I often facilitate strategic work sessions to help people speak with candor, confidence and curiosity. It's all about having the skills to engage in dialogue with other people, especially when they see things differently. What I find is that people often leave the sessions feeling empowered and like the complete badasses they are. I love this! However, after a few days or so, the feeling wears off and people forget the important foundational building blocks of dialogue. So, what ends up happening is instead of speaking up respectfully, people end up saying exaclty "what they've always wanted to say" and instead of opening up the conversation, they shut it down.
In difficult conversations, we often forget that the other person we are engaging with is a human, not a sub-human "other" or someone trying to ruin our lives. As a result, instead of creating connections and understanding we subsequently continue damaging the relationship. We get so caught up in our stories about other people that we forget what's really most important: Human connection. There is nothing greater than this. Ultimately, we are all human beings doing the best we can with the tools we have. We must unlearn fearful coping mechanisms we have picked up in order to connect back to love and human connection.
Remember, what other people say and do is their choice, it has nothing to do with you (and vice versa). What we often perceive as someone attacking us is really a fearful coping mechanism in which they are in fight-or-flight trying to protect themselves. It's only when we remember this that we can respond from a place of compassion, set the boundaries we need, as well as be open to creating a safe space where we can all listen to understand.
Here's what I find most often gets in the way:
Our amygdala does a great job. Our environment and the constant barrage of fear inducing news also does a great job of putting our amygdalas on overdrive. Your amygdala is responsible for your fight-or-flight response. When you feel the physiological effects of fear, that's your amygdala doing its job. The problem is, because we are no longer running from lions, tigers, and bears, we have found other things to be fearful of. And these things are typically psychological, not physical. So, we get pulled into fight-or-flight when our lives are not actually in danger. Then, we end up being terrible self-monitors and damage relationships because we are focused on self-preservation and we forget that the person in front of us is a human too. Worse yet, we may feel resentful that we are in this situation and feeling uncomfortable (and we tend to blame the other person).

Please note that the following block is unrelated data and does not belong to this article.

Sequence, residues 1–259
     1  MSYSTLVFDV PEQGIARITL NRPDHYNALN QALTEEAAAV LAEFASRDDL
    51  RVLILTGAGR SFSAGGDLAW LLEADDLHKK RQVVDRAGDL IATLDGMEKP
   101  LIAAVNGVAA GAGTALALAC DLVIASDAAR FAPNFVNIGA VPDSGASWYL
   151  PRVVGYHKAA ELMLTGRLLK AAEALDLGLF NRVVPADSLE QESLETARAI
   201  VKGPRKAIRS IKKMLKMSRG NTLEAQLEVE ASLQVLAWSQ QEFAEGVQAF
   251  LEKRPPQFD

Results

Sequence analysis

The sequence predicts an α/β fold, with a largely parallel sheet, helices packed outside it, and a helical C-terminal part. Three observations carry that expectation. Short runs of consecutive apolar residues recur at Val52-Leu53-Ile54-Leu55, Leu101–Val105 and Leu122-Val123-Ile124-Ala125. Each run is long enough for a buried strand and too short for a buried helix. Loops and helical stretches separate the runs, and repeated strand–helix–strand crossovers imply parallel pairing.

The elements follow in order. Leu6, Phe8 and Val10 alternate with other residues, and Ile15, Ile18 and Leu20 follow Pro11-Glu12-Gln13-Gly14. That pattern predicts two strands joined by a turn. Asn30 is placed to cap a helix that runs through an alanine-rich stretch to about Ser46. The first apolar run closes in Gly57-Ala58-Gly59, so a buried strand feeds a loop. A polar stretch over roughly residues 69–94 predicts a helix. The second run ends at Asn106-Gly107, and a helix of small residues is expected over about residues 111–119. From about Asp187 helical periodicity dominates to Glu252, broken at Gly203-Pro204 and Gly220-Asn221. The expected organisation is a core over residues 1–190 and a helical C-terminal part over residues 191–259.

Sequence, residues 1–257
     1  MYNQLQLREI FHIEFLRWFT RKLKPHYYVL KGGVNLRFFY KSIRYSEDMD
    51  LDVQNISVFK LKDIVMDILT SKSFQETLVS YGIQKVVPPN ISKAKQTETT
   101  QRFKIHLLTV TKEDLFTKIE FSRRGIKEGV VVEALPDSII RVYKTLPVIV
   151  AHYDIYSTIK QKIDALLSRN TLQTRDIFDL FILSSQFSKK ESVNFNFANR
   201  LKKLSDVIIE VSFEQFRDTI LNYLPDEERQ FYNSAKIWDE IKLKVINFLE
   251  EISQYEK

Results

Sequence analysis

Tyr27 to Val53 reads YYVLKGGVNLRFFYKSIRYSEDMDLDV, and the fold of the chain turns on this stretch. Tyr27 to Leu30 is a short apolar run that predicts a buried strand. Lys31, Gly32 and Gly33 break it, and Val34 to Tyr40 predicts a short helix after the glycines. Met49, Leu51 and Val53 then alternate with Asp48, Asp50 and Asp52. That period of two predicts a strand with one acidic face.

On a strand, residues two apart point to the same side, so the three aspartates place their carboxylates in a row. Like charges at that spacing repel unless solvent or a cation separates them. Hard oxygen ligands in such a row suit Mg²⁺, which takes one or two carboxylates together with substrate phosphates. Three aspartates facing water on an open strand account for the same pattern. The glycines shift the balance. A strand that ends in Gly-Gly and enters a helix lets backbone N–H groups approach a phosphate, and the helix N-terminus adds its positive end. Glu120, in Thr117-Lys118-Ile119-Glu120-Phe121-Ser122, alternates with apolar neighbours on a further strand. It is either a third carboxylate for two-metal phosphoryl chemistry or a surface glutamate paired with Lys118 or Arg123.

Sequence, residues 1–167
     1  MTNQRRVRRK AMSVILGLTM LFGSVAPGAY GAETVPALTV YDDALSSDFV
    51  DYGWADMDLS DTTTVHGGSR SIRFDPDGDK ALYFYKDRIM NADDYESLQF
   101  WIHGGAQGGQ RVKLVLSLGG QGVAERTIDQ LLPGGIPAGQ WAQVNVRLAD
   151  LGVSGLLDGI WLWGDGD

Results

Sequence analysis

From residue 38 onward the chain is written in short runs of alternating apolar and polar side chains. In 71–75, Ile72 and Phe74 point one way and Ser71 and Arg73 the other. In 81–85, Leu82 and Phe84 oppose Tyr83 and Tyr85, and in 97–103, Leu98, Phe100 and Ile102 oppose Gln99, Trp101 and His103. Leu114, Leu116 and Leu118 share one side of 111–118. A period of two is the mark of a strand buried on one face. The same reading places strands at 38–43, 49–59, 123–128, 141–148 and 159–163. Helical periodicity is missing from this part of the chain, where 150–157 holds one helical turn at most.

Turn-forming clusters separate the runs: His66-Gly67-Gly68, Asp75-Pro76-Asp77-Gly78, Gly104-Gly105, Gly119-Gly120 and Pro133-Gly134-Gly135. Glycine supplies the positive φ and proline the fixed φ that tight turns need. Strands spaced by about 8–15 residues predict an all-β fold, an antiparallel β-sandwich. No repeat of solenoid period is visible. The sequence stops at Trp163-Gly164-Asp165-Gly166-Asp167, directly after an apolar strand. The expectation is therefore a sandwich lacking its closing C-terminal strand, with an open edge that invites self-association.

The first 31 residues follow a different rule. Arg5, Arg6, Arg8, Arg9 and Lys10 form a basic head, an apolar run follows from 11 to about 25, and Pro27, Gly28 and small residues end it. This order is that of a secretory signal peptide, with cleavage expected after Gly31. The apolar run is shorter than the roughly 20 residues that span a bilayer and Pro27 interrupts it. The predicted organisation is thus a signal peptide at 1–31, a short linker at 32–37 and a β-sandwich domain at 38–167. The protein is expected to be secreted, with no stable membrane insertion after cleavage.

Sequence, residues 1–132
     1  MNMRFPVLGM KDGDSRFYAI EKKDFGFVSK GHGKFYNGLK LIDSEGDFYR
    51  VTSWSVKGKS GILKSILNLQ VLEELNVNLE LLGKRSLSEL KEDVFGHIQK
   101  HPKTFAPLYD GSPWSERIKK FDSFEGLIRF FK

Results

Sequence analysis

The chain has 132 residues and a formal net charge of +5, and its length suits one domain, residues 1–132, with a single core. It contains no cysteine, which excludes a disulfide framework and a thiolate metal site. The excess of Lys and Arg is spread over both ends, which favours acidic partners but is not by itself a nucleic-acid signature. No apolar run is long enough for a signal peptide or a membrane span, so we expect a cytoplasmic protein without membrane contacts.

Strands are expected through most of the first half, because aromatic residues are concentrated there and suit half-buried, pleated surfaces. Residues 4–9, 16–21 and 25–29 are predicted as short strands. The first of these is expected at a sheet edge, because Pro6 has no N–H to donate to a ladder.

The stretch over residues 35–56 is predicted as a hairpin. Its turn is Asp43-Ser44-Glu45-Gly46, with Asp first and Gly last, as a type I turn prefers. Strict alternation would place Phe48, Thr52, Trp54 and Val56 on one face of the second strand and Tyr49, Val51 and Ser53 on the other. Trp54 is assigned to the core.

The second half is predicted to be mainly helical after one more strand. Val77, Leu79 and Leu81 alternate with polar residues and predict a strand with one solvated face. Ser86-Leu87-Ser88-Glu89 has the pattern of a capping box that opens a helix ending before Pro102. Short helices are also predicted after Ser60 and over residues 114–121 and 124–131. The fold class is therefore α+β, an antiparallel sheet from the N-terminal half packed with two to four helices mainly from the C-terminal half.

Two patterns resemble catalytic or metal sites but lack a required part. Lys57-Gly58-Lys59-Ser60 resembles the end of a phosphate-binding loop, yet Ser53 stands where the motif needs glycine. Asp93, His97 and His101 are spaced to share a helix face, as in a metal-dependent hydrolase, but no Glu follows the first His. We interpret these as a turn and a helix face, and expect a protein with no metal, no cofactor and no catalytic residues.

If we can kick ourselves out of fight-or-flight, we can do a better job of getting back into dialogue and speaking with candor, curiosity, and confidence. This is what people I work with (and at times, me too!) often forget. To do this we can ask ourselves a question to get out of our amygdala and into our prefrontal cortex. I like to call these tantrum questions because these are the types of logical questions I ask my children when they are in a tantrum. I use these types of questions to get them out of the emotion and back into their logical brains. Some of these questions might include: What's possible here? What are my choices? What am I really afraid of? Is my life in danger, thus is self-preservation actually necessary? These questions also help us become aware of our own fears so we can begin to step into fears and not avoid them.
2. We want to be right
The other trap I find people fall into is not having a firm grasp on the reason they are in a conversation to begin with. We often find that we want the other person to do something or say something different than what is actually happening. And just like that, we find ourselves stuck again. We will never control anyone but ourselves, but we can learn more about why other people do what they do. Here's the thing, if you are trying to have a dialogue with someone you disagree with and you find that you want anything other than trying to learn more or understand, you're smack dab in the middle of this trap. This is why curiosity is so fundamental to speaking up respectfully. It doesn't assume we are right and someone else is wrong.
Opening ourselves up to understanding other people does not mean that we agree or are endorsing their thoughts and beliefs. Many of us hold a belief that if we don't defend our point of view that we are somehow endorsing an opposing point of view. This simply isn't true. And, sometimes it looks like we are under attack, but in reality the person in front of us is just trying to protect themselves because we have fallen into the trap of trying to get someone else to see it/do it our way. We must remember this to help kick us out of our fear response and back into an open exploration. Instead of trying to change someone else ask yourself: What do I want? Then, match your words to support that. If the answer is, "I want to be right," recognize that, and commit to correct course. We all find ourselves there sometimes. This is what typically gets in the way of us connecting with one another.
This journey involves a lot of grace and compassion. We won't always "get it right." However, there are always opportunities to learn more. In conversations, if we can stop looking at what someone else is doing and start to be introspective, we may find that we could foster a lot more connection. If we collectively stop trying to defend our point of view and begin to look at how other people see things, not as right or wrong, but as a reflection of their experiences, we can say it, not spray it. ;-)
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